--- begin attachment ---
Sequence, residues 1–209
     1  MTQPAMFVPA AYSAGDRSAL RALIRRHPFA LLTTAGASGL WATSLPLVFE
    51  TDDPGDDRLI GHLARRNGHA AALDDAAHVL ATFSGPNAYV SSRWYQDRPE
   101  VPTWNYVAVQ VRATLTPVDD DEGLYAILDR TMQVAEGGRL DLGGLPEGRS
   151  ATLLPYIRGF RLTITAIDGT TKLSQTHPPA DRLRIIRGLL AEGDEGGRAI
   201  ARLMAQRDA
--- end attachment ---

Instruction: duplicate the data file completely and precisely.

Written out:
Sequence, residues 1–209
     1  MTQPAMFVPA AYSAGDRSAL RALIRRHPFA LLTTAGASGL WATSLPLVFE
    51  TDDPGDDRLI GHLARRNGHA AALDDAAHVL ATFSGPNAYV SSRWYQDRPE
   101  VPTWNYVAVQ VRATLTPVDD DEGLYAILDR TMQVAEGGRL DLGGLPEGRS
   151  ATLLPYIRGF RLTITAIDGT TKLSQTHPPA DRLRIIRGLL AEGDEGGRAI
   201  ARLMAQRDA